I did a thesis about a year ago, on lives as argument. I posted the first and last chapters, but the links somehow got lost, so here they are again. Download file">Chapter 1. Download file">Chapter 5.
The technology for giving people a truly good time is well understood: give them rest, regular food, something useful to do, a chance to reflect on and value their own lives, a context of mutual respect and encouragement, a beautiful setting. I just came back from a class built on these principles. It worked very, very well. Now we have the conversations with the returnees, about the less glorious parts of the lives they come back to.
It strikes me that this is where ethics starts -- in conversations about the kinds of spaces human beings can create and the kinds of spaces they habitually and normally create, the gulf between the two, and the options for those who have been brought to appreciate this difference.
We see, of course, partly through the eyes of hunter-gatherers. History is a blip compared to prehistory, in which some very basic reactions were selected out. We can’t discard that legacy, and we wouldn’t want to discard it if we could, because leaving this heritage behind would be leaving humanity behind, in any plausible sense of humanity. We are hunter-gatherers in a strange new world, and that we just have to live with.
So, to be educated is – in the first instance - to recapitulate that history. Oddly, education has come to be defined, through various accidents, as the recapitulation of other histories. In Plato’s day, educated young men recapitulated the Archaic Age, reading the Illiad. Jews in the First Century recapitulated the nomadic times. Christians recapitulate First Century Hellenistic culture. Liberally educated persons learn to recapitulate the rise and fall of Athens. All of these educations give students screens through which to read current realities. And then, as a second move, students need to correct those readings.
It is quite complicated, being human.
In Plato's Republic, someone asks whether a just person is better off than an unjust person. Socrates' reply: to create a context, an imaginary state, in which something like what the Greeks mean by justice comes naturally to people and makes sense in their lives. One might say cynically: "Plato has shown that just people are better off than unjust people in one imaginary context." But what we have to see is that Plato is setting up the frame for ethical thinking generally: in various contexts, various attitudes are natural, arise spontaneously. Sometimes, those attitudes are manifestly destructive. Sometimes those attitudes are creative and valuable. The moral question is twofold. (1) Can one invoke good attitudes in situations in which they do not arise spontaneously? (2) Can one produce enough of the right sort of context or environment to conjure up good attitudes, in situations which are overwhelmingly tending to produce destructive attitudes?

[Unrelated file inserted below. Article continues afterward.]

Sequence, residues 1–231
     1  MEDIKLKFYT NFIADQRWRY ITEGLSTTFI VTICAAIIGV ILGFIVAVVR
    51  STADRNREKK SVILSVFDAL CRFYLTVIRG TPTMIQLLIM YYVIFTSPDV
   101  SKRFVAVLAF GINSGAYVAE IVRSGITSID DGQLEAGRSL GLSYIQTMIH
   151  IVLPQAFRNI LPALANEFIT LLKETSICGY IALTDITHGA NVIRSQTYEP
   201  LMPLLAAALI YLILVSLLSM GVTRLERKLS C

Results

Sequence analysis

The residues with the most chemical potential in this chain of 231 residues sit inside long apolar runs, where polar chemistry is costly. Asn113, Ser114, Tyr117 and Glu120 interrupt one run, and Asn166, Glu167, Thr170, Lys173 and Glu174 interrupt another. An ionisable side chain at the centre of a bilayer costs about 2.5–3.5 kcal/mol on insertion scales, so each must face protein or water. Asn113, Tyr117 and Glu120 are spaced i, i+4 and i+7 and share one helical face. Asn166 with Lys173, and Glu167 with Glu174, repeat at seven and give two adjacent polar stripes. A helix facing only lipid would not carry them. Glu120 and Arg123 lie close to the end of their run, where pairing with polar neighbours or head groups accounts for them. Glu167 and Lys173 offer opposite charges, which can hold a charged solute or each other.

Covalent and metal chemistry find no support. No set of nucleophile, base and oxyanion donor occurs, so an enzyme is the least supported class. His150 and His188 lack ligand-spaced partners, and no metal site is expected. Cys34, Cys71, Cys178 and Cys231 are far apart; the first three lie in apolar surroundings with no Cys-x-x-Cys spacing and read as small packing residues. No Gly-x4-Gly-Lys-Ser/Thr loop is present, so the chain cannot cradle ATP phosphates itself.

At minimum, The Republic suggests that the line between ethics and politics is very thin indeed.
People generally think that Jesus started out approaching the world as a moral thinker, working out of compassion (like the Buddha or Saint Francis) or out of a sense of justice (like Martin Luther King). I have been wondering seriously recently whether his starting point might have been logical, like that of say Zeno or Heracleitus, or Socrates on one reading of Socrates, or Ramanujan or Einstein, in contemporary times. Jesus had a very strong interest in a family of logical relationships such that it is proper to say, in one respect, "x is A" and, in another respect, "x is not-A." Consider: "the stone which the builders rejected has become the cornerstone (or capstone -- depending on the translation)." To put the thing in good form: "This stone is useless and this strone is the most useful in the whole building." If one looks at the sayings of Jesus, as culled by someone like Dominic Crossan from the mass of later embellishment, you find that pattern over and over again. Usually, the expression of the pattern is followed by a moral. What I want to know though, is whether the moral is part of the core idea, or whether the initial intuition is purely logical. An enlightening experiment: take any saying of Jesus and preface it with the words, "Isn't it intersting that...."
To speculate in this way is not to rule out the possibility that Jesus became a moral teacher. Other logicians have gone that direction: Socrates and Heracleitus surely did; Zeno didn't, so far as we know. Indeed it is likely that Jesus underwent several stages of development; those are surely hinted at in the gospels. What I want to suggest is that one reads the whole story very differently if one takes the initial intuition to be logical than if one takes the initial intuition to be moral. I am trying to work out the consequences of that idea.